Might gene editing enable Charlie’s parents, who might themselves develop mild symptoms as they age, to have another child free of the family’s disease? Could anything have saved the baby?

A TRAGIC CASE

The court hearing testimony on the case between Great Ormond Street Hospital (GOSH) and the family, published April 11, chronicles the sad story. The hospital had requested discontinuing life support based on the lack of tested treatment.

Charlie was born August 4, 2016, at full term and of a good weight, but by a few weeks of age, his parents noticed that he could no longer lift his head nor support any part of his body. By the October 2 pediatrician visit, Charlie hadn’t gained any weight, despite frequent breastfeeding. After an MRI and EEG, Charlie had a nasogastric tube inserted to introduce high-caloric nutrition.

By October 11, the baby was lethargic, his breathing shallow. So his parents, Connie Yates and Chris Gard, took him to GOSH.

The views, opinions and positions expressed by these authors and blogs are theirs and do not necessarily represent that of the Bioethics Research Library and Kennedy Institute of Ethics or Georgetown University.

Bioethics Blogs

Charlie Gard Post-Mortem: Could He Have Been Saved?

Charlie Gard would have turned one year old tomorrow.

Two days before the British infant died of a mitochondrial disease on July 28, a short article in MIT Technology Review teased that Shoukhrat Mtalipov and his team at Oregon Health & Science University and colleagues had used CRISPR-Cas9 to replace a mutation in human embryos, a titillating heads-up that didn’t actually name the gene or disease.

Yesterday Nature published the details of what the researchers call gene correction, not editing, because it uses natural DNA repair. I covered the news conference, with a bit of perspective, for Genetic Literacy Project.

Might gene editing enable Charlie’s parents, who might themselves develop mild symptoms as they age, to have another child free of the family’s disease? Could anything have saved the baby?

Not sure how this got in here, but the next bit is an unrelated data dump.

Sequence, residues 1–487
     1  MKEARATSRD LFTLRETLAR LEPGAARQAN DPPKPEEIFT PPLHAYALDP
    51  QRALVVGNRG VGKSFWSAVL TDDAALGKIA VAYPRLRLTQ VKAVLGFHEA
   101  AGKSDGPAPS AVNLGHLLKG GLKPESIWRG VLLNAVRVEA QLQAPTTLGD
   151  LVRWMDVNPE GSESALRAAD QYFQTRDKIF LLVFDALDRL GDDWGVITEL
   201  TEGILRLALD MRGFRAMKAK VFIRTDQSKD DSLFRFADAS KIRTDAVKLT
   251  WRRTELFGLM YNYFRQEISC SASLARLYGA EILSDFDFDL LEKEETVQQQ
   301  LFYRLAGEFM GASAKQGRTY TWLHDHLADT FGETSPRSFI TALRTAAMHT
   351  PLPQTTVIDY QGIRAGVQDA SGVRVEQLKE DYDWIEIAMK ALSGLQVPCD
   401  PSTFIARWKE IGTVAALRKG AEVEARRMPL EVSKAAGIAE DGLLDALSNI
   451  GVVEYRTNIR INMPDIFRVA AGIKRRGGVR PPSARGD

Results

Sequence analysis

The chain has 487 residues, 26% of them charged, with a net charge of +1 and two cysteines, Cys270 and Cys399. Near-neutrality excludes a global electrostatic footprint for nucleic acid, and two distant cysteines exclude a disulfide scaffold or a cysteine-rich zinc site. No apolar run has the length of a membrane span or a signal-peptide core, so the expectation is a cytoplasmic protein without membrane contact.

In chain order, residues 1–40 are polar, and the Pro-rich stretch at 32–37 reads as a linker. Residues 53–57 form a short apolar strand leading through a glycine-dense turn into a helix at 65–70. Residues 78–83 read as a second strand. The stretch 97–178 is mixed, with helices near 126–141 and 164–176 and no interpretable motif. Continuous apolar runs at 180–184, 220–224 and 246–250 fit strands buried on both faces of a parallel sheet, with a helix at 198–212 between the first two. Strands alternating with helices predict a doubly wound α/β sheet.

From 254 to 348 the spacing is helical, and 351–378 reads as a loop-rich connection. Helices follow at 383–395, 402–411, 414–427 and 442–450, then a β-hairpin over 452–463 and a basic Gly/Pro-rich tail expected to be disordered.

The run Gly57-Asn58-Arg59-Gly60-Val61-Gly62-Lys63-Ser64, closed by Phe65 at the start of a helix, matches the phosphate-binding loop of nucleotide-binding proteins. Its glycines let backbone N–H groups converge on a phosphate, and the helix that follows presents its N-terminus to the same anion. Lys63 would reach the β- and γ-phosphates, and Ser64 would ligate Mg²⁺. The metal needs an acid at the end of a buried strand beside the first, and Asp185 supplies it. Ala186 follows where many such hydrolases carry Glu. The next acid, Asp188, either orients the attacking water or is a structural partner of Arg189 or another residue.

A TRAGIC CASE

The court hearing testimony on the case between Great Ormond Street Hospital (GOSH) and the family, published April 11, chronicles the sad story. The hospital had requested discontinuing life support based on the lack of tested treatment.

Charlie was born August 4, 2016, at full term and of a good weight, but by a few weeks of age, his parents noticed that he could no longer lift his head nor support any part of his body. By the October 2 pediatrician visit, Charlie hadn’t gained any weight, despite frequent breastfeeding. After an MRI and EEG, Charlie had a nasogastric tube inserted to introduce high-caloric nutrition.

By October 11, the baby was lethargic, his breathing shallow. So his parents, Connie Yates and Chris Gard, took him to GOSH.

The views, opinions and positions expressed by these authors and blogs are theirs and do not necessarily represent that of the Bioethics Research Library and Kennedy Institute of Ethics or Georgetown University.

Bioethics Blogs

Human genome editing: We should all have a say

Françoise Baylis stresses that decisions about the modification of the human germline should not be made without broad societal consultation.

__________________________________________

Shoukhrat Mitalipov, a reproductive biologist at Oregon Health and Science University, is nothing if not a pioneer. In 2007, his team published proof-of-principle research in primates showing it was possible to derive stem cells from cloned primate embryos. In 2013, his team was the first to create human embryonic stem cells by cloning. Now, in 2017, his team has reported safely and effectively modifying human embryos with the MYBPC3 mutation (which causes myocardial disease) using the gene editing technique CRISPR.

Mitalipov’s team is not the first to genetically modify human embryos. This was first accomplished in 2015 by a group of Chinese scientists led by Junjiu Huang. Mitalipov’s team, however, may be the first to demonstrate basic safety and efficacy using the CRISPR technique.

This has serious implications for the ethics debate on human germline modification which involves inserting, deleting or replacing the DNA of human sperm, eggs or embryos to change the genes of future children.

Those who support human embryo research will argue that Mitalipov’s research to alter human embryos is ethically acceptable because the embryos were not allowed to develop beyond 14 days (the widely accepted international limit on human embryo research) and because the modified embryos were not used to initiate a pregnancy. They will also point to the future potential benefit of correcting defective genes that cause inherited disease.

This research is ethically controversial, however, because it is a clear step on the path to making heritable modifications – genetic changes that can be passed down through subsequent generations.

The views, opinions and positions expressed by these authors and blogs are theirs and do not necessarily represent that of the Bioethics Research Library and Kennedy Institute of Ethics or Georgetown University.